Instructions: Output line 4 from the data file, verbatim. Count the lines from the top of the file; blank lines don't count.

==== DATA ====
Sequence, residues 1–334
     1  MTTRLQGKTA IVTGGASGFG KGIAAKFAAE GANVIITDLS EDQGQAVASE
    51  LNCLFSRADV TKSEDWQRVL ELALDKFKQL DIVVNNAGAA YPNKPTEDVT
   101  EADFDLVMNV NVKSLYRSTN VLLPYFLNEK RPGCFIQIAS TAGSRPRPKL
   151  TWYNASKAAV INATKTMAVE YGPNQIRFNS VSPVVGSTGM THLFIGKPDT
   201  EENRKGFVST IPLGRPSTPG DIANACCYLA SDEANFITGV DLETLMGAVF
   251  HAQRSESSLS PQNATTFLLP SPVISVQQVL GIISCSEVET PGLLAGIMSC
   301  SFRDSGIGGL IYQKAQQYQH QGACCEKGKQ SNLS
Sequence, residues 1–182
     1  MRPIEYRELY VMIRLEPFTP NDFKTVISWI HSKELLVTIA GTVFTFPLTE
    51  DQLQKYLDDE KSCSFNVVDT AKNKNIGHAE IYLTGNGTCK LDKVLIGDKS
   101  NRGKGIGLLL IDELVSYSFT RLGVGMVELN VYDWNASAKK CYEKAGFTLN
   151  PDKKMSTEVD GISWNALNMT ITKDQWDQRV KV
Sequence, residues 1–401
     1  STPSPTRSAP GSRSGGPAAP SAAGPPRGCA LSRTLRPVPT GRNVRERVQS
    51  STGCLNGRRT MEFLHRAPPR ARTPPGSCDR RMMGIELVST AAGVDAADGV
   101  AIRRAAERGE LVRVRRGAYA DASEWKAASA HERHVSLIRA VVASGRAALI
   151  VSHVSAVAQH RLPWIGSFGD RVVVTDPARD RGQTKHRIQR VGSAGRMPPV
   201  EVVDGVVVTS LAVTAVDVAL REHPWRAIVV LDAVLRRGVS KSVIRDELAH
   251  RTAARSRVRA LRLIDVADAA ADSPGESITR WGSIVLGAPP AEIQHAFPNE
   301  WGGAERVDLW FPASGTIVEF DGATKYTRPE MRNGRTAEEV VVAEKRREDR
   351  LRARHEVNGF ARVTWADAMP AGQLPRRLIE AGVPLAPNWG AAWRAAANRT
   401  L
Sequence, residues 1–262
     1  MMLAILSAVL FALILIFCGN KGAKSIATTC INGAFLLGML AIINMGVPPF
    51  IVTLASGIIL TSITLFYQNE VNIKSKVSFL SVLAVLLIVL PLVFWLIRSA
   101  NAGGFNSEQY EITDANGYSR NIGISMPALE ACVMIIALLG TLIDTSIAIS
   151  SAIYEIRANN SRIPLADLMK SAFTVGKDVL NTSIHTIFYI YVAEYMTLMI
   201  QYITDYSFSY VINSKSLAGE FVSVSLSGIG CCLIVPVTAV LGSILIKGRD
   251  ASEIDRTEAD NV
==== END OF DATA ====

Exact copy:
   101  EADFDLVMNV NVKSLYRSTN VLLPYFLNEK RPGCFIQIAS TAGSRPRPKL